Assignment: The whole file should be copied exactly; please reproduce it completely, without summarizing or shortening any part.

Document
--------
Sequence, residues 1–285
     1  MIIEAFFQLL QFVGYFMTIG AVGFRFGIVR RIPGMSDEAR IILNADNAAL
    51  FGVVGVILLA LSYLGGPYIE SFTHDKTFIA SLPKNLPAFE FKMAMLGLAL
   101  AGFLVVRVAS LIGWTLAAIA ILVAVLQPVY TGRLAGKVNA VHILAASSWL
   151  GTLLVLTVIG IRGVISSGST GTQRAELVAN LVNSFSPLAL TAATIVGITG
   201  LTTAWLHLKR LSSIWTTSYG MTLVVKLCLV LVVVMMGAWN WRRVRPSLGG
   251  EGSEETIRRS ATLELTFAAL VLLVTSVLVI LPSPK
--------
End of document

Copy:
Sequence, residues 1–285
     1  MIIEAFFQLL QFVGYFMTIG AVGFRFGIVR RIPGMSDEAR IILNADNAAL
    51  FGVVGVILLA LSYLGGPYIE SFTHDKTFIA SLPKNLPAFE FKMAMLGLAL
   101  AGFLVVRVAS LIGWTLAAIA ILVAVLQPVY TGRLAGKVNA VHILAASSWL
   151  GTLLVLTVIG IRGVISSGST GTQRAELVAN LVNSFSPLAL TAATIVGITG
   201  LTTAWLHLKR LSSIWTTSYG MTLVVKLCLV LVVVMMGAWN WRRVRPSLGG
   251  EGSEETIRRS ATLELTFAAL VLLVTSVLVI LPSPK